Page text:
I didn’t throw a blow out party this year like I said I would. As my birthday got closer, I felt indifferent about it. I told Zach originally that I didn’t want to do anything. I said I wanted to wait till his birthday and we could celebrate him turning 30. (Yes, he’s younger than me. Let’s get that out of the way. He turns 30 November 22nd, so you all know. Don’t worry, I’ll be reminding you). My best friend Alexis was shocked I wasn’t throwing a rager for my 30th. She said, “Um, are you turning 90 and I didn’t realize it?”
I didn’t feel the need to celebrate me this year because I was disappointed in myself. I was disappointed in myself for the miscarriages (yes, I know it’s still silly for me to think that, but again I can’t help it). Mostly, I was/am disappointed that I have lost myself a bit in this struggle. I’m a different person now and I am still adjusting to these new feelings, this new reality of life that I have been thrust into. I still have that joy, I still have that zest to celebrate, but it’s been dimmed. And I feel badly about that because those around me expect me to have that spark, but I have had trouble reigniting it.
Despite my indifference, I still threw myself a party. I really wouldn’t be me if I didn’t.
“You’re turning 30 on the 30th and it’s a Saturday. You have to do something!”-Zach
I invited my immediate family and Zach’s immediate family over for dinner. It was good timing that we closed on our house the day before because we had a chance to give some of them a tour. We held the party at my temporary home, the Sprandio Inn, as I like to call it. While I was overjoyed to have the families together under one roof, I found that I was feeling that tinge of indifference again. I was happy, very happy, but I felt reserved. I slunk back and watched the party from a distance. I watched how happy everyone looked. How both my family and Zach’s family interacted so well. I watched Zach, beaming because he was with his family who he doesn’t see as often as we see mine. I watched the kids being their joyful little selves. There was so much love in the room, so much positivity, so much hope. And yet I couldn’t help the thoughts of what happened while I was 29 slip into my thought process. Even in the happiest of moments, I have that lingering thought of disappointment. Thoughts like, “imagine if the first one didn’t happen, I’d have a baby in my arms right now. Or, imagine if the second one didn’t happen, I’d have a pregnant belly right now.” I wanted to talk about it, but rather than bring it up to everyone, I kept those feelings inside and simply watched the conversations. I wanted everyone to enjoy each other.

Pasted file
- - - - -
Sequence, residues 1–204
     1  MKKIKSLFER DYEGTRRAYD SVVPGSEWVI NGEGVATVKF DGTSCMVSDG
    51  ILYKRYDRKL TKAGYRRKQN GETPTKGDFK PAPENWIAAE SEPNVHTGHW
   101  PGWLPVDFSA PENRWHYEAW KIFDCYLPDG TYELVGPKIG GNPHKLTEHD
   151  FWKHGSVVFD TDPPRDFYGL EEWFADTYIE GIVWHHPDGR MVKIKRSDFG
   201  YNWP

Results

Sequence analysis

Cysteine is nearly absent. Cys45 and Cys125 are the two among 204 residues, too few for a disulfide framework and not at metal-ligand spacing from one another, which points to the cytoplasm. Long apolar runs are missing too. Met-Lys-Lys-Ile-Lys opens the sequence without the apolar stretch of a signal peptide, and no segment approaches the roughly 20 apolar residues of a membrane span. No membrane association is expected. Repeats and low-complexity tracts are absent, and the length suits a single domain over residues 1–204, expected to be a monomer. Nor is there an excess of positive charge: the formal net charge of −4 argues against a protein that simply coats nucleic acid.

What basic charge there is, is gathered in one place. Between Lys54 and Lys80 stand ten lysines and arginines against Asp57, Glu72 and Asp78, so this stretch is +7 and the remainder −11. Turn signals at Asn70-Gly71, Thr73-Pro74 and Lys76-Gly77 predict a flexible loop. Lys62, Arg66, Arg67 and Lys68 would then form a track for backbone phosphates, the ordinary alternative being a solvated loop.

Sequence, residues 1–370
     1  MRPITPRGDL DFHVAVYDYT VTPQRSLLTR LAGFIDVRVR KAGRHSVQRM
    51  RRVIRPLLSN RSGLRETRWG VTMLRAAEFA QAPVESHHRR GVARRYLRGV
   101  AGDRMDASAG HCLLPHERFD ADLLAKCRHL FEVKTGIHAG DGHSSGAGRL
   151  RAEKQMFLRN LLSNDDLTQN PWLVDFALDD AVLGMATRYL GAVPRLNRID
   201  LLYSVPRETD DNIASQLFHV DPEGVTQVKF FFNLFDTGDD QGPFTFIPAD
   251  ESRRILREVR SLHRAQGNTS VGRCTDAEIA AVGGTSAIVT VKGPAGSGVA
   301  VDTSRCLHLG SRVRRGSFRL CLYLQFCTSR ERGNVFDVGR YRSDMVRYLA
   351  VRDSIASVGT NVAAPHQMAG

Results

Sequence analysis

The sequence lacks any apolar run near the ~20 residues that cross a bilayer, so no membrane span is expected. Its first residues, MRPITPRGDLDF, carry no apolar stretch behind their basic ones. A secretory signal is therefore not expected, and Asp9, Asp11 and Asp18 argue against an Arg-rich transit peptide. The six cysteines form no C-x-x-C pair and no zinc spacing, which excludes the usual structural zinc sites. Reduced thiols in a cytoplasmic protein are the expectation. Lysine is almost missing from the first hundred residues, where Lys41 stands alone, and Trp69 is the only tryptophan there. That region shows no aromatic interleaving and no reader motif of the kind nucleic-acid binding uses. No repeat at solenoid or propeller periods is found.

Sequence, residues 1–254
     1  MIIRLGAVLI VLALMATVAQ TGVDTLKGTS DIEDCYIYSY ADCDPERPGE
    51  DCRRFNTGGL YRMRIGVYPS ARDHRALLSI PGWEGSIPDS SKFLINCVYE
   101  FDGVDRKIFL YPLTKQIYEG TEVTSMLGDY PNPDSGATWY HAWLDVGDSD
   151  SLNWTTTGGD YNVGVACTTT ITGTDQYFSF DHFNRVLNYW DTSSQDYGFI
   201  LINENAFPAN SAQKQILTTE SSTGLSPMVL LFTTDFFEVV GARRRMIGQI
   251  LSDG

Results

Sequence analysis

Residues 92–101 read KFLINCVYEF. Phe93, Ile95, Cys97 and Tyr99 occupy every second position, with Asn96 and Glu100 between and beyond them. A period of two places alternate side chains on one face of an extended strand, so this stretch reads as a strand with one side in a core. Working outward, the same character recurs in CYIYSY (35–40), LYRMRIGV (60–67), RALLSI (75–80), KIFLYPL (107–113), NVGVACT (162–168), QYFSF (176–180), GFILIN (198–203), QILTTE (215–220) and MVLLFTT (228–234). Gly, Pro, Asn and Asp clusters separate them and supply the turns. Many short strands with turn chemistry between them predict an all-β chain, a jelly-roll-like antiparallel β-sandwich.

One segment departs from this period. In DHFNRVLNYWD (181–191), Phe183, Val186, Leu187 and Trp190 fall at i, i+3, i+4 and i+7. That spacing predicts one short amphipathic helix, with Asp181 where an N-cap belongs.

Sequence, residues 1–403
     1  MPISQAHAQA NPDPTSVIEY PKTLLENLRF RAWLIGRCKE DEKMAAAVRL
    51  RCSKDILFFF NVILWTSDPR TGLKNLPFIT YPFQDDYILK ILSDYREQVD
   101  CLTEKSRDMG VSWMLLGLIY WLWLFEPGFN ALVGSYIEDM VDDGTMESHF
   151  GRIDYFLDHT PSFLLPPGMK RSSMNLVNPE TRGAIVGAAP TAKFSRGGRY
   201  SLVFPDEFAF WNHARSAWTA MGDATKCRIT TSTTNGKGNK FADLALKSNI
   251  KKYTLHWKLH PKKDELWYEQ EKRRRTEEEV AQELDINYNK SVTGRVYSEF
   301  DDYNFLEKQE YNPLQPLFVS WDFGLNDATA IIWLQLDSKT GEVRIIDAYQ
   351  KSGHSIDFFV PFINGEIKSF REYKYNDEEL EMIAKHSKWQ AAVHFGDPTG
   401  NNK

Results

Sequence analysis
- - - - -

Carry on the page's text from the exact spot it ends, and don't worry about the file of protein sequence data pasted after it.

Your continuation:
After dinner, my brother John and his wife Mary gave me a gift. They made me a movie. Since I was 13 and first learned to use iMovie on my Mac, I have been making movies for big events. Birthdays, engagements, weddings, graduations, etc. I’ve been paid to do a few, but mostly they’re for close family members. The “movies” consist of photos, quotes, sometimes video clips. I do it whether or not I am asked to, simply because I love to do it. I have made one for each of my nieces and nephews for their 1st birthday parties. I have made one for each of my brothers’ graduations, and engagements. I made one for myself when I graduated high school and when I got engaged. I even made one for Zach for his 30th and showed it at my party last weekend. I couldn’t wait two more months to give it to him.